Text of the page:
It can be understood that as described above, for the sake of suppression of a diffraction efficiency change due to an environmental change, it is effective that the characteristics of the materials of the two diffraction gratings 6 and 7 are set substantially equal to each other so as to favorably cancel each other characteristics of the diffraction grating 6 formed using the fine particle dispersed resin and characteristics of the diffraction grating 7 formed using a resin other than the fine particle dispersed resin and having a different grating thickness increasing direction. Here, when 90% or more of characteristics of a material coincide with those of another material in the diffraction efficiency deviation described above, it is possible to consider that the two materials are substantially equal to each other. More specifically, the refractive index changes dn1/dt and dn2/dt, the linear expansion coefficients α1 and α2, and the swelling ratios β1 and β2 are as follows.
0.9≦dn1/dt/dn2/dt≦1.1  (16)
0.9≦α1/α2≦1.1  (17)
0.9≦β1/β2≦1.1  (18)

In the above description, a case where respective characteristics independently change due to an environmental change has been explained as an example. In reality, when temperature changes, refractive index and grating height change simultaneously. However, when each diffraction efficiency change due to a factor is suppressed in the manner described in the first embodiment of the present invention, even when multiple factors have occurred, it becomes possible to favorably suppress a diffraction efficiency deviation.

Also, in the first embodiment described above, the diffraction optical element using so-called 1st-order diffraction light, whose design order is the +1st-order, has been described. However the design order is not limited to the +1st-order and even in the case of diffraction light on the +2nd-order, the +3rd-order, or the like, when the synthesized optical path length difference of the diffraction optical element is set so as to become a desired design wavelength on a desired design order, the same effects as in the first embodiment described above can be obtained.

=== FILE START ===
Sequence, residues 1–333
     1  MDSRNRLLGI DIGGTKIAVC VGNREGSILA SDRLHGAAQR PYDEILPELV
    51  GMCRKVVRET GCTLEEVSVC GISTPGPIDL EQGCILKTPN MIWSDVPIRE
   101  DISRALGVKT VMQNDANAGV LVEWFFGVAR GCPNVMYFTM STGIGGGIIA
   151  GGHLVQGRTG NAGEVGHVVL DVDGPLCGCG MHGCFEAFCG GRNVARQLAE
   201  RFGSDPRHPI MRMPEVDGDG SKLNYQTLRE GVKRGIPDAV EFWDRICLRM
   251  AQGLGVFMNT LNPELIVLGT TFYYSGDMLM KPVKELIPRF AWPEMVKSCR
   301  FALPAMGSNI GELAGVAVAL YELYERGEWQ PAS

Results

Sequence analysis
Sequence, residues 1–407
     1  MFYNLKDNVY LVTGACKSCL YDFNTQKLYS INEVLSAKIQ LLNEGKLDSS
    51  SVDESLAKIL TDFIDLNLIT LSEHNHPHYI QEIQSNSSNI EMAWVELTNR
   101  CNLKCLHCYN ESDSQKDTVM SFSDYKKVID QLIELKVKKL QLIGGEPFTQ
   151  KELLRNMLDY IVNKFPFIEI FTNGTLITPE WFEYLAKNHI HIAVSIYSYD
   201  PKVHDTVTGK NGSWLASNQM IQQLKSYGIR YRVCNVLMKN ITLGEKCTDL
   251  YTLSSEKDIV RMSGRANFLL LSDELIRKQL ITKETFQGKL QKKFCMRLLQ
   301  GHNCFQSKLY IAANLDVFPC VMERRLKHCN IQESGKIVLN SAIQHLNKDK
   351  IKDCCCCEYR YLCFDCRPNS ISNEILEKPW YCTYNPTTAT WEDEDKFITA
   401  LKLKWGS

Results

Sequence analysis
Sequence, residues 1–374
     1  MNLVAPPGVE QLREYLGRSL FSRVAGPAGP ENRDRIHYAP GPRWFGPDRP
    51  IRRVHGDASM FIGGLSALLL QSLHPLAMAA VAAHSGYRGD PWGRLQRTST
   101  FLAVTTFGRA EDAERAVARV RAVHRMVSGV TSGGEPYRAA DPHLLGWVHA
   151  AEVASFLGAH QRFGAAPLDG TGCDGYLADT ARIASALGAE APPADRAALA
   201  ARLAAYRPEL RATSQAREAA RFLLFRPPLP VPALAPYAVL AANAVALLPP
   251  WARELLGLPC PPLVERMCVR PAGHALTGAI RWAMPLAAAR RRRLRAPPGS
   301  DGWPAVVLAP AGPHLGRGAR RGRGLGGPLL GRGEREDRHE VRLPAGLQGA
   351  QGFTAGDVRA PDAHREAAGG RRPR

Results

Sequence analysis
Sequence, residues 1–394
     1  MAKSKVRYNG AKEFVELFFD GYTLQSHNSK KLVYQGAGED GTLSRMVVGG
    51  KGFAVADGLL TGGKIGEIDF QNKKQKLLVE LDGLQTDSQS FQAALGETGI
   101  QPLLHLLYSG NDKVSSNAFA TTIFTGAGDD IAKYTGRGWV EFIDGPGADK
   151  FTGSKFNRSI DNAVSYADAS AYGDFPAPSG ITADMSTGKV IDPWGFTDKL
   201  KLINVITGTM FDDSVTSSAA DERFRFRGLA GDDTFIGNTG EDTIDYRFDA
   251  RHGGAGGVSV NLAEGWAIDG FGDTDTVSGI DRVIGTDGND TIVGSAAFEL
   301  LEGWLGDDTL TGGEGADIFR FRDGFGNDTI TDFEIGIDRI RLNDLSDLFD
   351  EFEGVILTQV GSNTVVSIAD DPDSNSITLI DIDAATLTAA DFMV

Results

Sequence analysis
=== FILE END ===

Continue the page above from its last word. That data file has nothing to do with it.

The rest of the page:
Second Embodiment

In the first embodiment described above, a case has been explained in which each element portion is composed of one diffraction grating, but the present invention is not limited to this. For instance, the present invention may be applied to a diffraction optical element shown in FIG. 10 that includes three diffraction gratings. The construction shown in the drawing is a construction where a first element portion 22 having a first diffraction grating 26 provided on a substrate 24 and a second element portion 23 having a second diffraction grating 27 and a third diffraction grating 28 provided on a substrate 25 are set close to each other with an air layer 29 therebetween. The second element portion 23 has a construction where the second diffraction grating 27 made of a second material is bonded to a surface side of the substrate 25 and is also bonded to the third diffraction grating 28 made of a third material through a grating surface 31. A surface 32 on a side opposite to the grating surface 31 of the third diffraction grating 28 made of the third material is a plane where no grating is formed. In this construction, when the second material is set as the resin constituting the second diffraction grating 7 in the first embodiment and the third material is set as the fine particle dispersed resin constituting the first diffraction grating 6, it becomes possible to obtain a construction of the second element portion 23 in which almost no characteristic change due to an environmental change occurs. As a result, when the first element portion 22 is made of glass or the like, it becomes possible to significantly suppress an influence of an environmental change on the laminated DOE as a whole.